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Dirac vs. Theora

Dirac vs. Theora

Posted Apr 2, 2009 2:20 UTC (Thu) by ncm (subscriber, #165)
Parent article: New Theora encoder makes its first public release

I haven't been keeping track. Is there an encoder that pus a Dirac stream in an Ogg container? How does Dirac differ from Theora such as to lead one to choose one or the other? I presume that Theora holds it own in some ways or Tim wouldn't be working on it. Will they both be used indefinitely, or is one likely to be retired in favor of the other?


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Dirac vs. Theora

Posted Apr 2, 2009 4:33 UTC (Thu) by gmaxwell (guest, #30048) [Link]

Ffmpeg2dirac produces Ogg/Dirac(+Vorbis) files. These files should play out of the box on modern Linux distributions, they do on Fedora at least.

So, some comparison points:
* Dirac is able to achieve very high quality at accordingly high bitrates (it can even be run losslessly); Theora has a maximum quality which is not quite unconditionally visually lossless.
* Dirac is more cpu intensive than Theora.
* Dirac tools are somewhat less mature (In particular; there exists a decently performing Theora decoder in Java, which means that a majority of internet users can video Theora today with no software install)
* With the encoders existing today Theora clearly out-performs Dirac for low to moderate bitrates.

Which codec you should use today depends on your application. If you are archiving video, building a unencumbered-bluray, or squeezing production grade 1080 HD video into 270mbit SD channels, Dirac is what you want. If you are webcasting with under a couple of megabits per second, Theora is what you want— not only will it have better quality at the applicable bitrates, but you have more playback options. (Though you might also wish to offer a high quality dirac download option…)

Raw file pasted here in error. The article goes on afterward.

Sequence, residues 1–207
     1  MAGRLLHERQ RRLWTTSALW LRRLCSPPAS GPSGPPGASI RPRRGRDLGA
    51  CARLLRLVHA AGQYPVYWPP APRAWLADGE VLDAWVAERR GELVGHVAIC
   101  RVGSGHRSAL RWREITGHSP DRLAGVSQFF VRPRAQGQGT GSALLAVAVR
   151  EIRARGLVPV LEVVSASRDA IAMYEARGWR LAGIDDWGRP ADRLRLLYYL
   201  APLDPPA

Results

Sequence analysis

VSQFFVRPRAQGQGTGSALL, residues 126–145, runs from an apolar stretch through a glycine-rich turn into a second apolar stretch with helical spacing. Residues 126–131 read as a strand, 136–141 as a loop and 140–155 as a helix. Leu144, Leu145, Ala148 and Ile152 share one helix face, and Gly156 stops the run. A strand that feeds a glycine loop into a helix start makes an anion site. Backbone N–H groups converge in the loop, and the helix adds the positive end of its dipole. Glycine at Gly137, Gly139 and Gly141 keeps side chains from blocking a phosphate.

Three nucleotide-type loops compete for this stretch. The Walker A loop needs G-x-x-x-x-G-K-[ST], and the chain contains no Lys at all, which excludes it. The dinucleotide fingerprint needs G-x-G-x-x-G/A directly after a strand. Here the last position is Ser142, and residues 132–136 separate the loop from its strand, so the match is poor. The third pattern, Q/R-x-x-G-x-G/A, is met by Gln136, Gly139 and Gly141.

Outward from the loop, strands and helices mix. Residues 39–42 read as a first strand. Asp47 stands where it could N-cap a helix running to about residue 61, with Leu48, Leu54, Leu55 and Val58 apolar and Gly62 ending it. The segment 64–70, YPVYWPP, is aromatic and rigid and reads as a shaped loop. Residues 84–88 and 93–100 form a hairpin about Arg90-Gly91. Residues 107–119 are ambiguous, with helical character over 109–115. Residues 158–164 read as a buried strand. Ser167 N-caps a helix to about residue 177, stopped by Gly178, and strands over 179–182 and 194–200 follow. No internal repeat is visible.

For example— I recently put a Theora video online at http://www.celt-codec.org/presentations/ At 150kbit/sec Theora is perfectly adequate for this application while the slides are not always readable with the current Dirac 'Schroedinger' encoder at that bitrate. Yet a full resolution version at several megabits per second looks better in Dirac than Theora. Unless you're using Firefox 3.5beta the video is only playing for you on that page because the page is able to fall back from the the video tag to a java based decoder, something which isn't yet possible for Dirac. (And might never be reasonable due to CPU use?) I'm planning on putting up a Dirac download version… but I'm still playing around with the encoder. (…and it's a fact of life that no one manages to do multiple format parallel distribution well, myself included)

The gap between Theora and Dirac at the lower bitrate end of the spectrum may persist indefinitely as thats really what theora was designed for … future improvements to Dirac encoders may close the gap but it is difficult to speculate about that as that isn't an active area of development for Dirac today.